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That is, is there an algorithm for -Nash equilibria which runs in time polynomial in the game size, if we allow arbitrary dependence of its running time on 1/ ? Such an algorithm would go a long way towards alleviating the negative implications of our complexity result

The Complexity of Computing a Nash Equilibrium

Electronic Colloquium on Computational Complexity, no. 1 (2009): 195-259

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摘要

In 1951, John F. Nash proved that every game has a Nash equilibrium [Ann. of Math. (2), 54 (1951), pp. 286-295]. His proof is nonconstructive, relying on Brouwer's fixed point theorem, thus leaving open the questions, Is there a polynomial-time algorithm for computing Nash equilibria? And is this reliance on Brouwer inherent? Many algorit...更多

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  • In a recent CACM article, Shoham [23] reminds them of the long relationship between Game Theory and Computer Science, going back to John von Neumann at Princeton in the 1940s, and how this connection became stronger and more crucial in the past decade due to the advent of the Internet: Strategic behavior became relevant to the design of computer systems, while much economic activity takes place on computational platforms.

    Game Theory is about the strategic behavior of rational agents.
  • Three other well-known games, called chicken, prisoner’s dilemma, and penalty shot game, respectively, are shown in Figure 2; the penalty shot game is zero-sum, but the other two are not.
  • All these games have two players; Game Theory studies games with many players, but these are harder to display.1 rock paper scissors rock (0, 0) (1, −1) (−1, 1)
重点内容
  • In a recent CACM article, Shoham [23] reminds us of the long relationship between Game Theory and Computer Science, going back to John von Neumann at Princeton in the 1940s, and how this connection became stronger and more crucial in the past decade due to the advent of the Internet: Strategic behavior became relevant to the design of computer systems, while much economic activity takes place on computational platforms.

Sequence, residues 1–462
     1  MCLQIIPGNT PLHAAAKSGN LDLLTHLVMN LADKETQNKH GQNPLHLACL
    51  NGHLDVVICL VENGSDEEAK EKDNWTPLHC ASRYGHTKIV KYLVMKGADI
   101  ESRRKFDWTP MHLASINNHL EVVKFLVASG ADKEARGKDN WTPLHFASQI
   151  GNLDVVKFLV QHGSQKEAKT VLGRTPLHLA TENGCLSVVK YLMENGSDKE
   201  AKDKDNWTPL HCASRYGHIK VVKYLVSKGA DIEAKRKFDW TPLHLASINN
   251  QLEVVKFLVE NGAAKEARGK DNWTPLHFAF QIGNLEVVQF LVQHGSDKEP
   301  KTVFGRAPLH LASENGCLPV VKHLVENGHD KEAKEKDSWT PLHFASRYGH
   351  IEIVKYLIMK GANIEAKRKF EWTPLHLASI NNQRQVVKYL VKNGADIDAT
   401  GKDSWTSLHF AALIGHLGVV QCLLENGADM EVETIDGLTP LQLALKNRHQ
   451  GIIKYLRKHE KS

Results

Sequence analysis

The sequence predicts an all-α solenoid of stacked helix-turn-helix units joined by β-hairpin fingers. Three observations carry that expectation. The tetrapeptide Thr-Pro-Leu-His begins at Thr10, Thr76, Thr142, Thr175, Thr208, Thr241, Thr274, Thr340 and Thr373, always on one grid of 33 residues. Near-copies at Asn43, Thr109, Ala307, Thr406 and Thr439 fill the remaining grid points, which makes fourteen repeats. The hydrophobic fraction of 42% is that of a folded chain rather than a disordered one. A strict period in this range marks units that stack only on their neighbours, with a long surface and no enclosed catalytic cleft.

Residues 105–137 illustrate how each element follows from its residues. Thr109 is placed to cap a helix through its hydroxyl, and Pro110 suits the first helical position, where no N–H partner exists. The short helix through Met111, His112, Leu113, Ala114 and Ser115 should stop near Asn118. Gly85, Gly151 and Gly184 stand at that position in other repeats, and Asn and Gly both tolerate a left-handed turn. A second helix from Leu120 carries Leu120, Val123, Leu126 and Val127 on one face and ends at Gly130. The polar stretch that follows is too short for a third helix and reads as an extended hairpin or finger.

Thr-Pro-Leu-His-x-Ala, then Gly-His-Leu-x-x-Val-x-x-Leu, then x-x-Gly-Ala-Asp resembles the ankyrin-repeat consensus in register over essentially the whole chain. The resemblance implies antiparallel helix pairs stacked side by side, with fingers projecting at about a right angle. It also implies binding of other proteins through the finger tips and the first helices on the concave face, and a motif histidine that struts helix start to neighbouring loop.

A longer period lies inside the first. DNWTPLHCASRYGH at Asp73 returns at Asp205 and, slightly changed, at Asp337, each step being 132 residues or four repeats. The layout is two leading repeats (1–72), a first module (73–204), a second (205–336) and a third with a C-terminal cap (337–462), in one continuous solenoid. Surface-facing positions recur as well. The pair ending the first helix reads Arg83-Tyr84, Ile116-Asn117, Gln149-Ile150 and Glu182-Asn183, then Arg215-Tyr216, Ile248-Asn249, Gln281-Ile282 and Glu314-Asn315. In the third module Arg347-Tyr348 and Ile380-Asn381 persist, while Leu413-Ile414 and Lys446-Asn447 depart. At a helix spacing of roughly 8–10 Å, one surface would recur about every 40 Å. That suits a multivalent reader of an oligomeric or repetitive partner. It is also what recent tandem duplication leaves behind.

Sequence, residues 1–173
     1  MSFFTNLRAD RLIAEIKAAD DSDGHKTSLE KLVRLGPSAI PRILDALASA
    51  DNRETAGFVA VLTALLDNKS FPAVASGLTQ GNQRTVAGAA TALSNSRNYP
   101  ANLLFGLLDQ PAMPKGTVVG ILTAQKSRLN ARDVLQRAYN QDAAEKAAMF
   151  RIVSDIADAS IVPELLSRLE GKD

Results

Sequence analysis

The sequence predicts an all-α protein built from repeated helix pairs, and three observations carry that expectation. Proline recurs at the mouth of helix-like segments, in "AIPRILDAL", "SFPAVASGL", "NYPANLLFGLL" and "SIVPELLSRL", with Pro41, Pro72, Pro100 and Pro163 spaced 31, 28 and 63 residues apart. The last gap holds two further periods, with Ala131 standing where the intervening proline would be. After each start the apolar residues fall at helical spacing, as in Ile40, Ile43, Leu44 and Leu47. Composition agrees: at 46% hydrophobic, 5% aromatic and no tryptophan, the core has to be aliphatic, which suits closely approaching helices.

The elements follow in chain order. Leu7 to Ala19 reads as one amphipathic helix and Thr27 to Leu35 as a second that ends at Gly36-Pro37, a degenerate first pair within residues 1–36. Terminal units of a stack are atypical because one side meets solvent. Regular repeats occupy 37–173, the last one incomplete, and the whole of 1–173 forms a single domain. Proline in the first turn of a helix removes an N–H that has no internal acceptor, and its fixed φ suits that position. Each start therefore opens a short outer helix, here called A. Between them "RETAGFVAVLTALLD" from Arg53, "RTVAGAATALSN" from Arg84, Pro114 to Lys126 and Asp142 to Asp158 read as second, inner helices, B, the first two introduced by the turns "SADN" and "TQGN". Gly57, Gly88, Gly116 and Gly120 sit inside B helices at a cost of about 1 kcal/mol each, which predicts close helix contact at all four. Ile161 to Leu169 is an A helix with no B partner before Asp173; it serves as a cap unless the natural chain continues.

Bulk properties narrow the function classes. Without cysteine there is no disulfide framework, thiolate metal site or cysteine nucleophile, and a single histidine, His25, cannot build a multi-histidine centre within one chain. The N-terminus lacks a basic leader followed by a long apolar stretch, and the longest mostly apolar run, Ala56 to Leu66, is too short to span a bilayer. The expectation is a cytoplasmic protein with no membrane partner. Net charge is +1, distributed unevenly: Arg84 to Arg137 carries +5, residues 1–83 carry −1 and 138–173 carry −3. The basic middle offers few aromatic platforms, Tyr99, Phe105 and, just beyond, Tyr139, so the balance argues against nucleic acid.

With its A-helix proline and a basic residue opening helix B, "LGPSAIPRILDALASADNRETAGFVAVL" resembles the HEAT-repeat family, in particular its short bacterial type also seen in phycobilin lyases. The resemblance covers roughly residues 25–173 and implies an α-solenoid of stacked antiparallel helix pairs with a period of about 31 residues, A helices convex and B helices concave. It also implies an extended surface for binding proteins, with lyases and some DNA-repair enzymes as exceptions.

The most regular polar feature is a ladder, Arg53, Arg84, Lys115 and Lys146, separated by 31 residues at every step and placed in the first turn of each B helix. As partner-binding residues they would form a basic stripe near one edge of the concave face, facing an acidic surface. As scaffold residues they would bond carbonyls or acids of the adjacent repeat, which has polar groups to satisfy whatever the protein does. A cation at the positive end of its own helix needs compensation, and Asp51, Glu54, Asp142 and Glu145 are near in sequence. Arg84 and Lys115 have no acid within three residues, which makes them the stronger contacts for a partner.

Game Theory is about the strategic behavior of rational agents
  • If computing a particular kind of equilibrium is an intractable problem, of the kind that take lifetimes of the universe to solve on the world’s fastest computers, it is ludicrous to expect that it can be arrived at in real life. This consideration suggests the following important question: Is there an efficient algorithm for computing a mixed Nash equilibrium? In this article, we report on results that indicate that the answer is negative—our own work [7, 8, 9, 14] obtained this for games with 3 or more players, and shortly afterwards, the papers [3, 4] extended this—unexpectedly—to the important case of 2-player games
  • To show that Nash is complete for PPAD, we show how to convert an end of the line graph into a corresponding game, so that from an approximate Nash equilibrium of the game we can efficiently construct a corresponding end of the line
  • That is, is there an algorithm for -Nash equilibria which runs in time polynomial in the game size, if we allow arbitrary dependence of its running time on 1/ ? Such an algorithm would go a long way towards alleviating the negative implications of our complexity result
  • Polynomial-time approximation scheme has been given in [6], but the complexity of the problem is unknown for more general low-degree graphs
结论
  • The authors' hardness result for computing a Nash equilibrium raises concerns about the credibility of the mixed Nash equilibrium as a general-purpose framework for behavior prediction
  • In view of these concerns, the main question that emerges is whether there exists a polynomial-time approximation scheme (PTAS) for computing approximate Nash equilibria.
  • PTAS has been given in [6], but the complexity of the problem is unknown for more general low-degree graphs
  • Another positive recent development [6] has been a PTAS for a broad and important class of games, called anonymous
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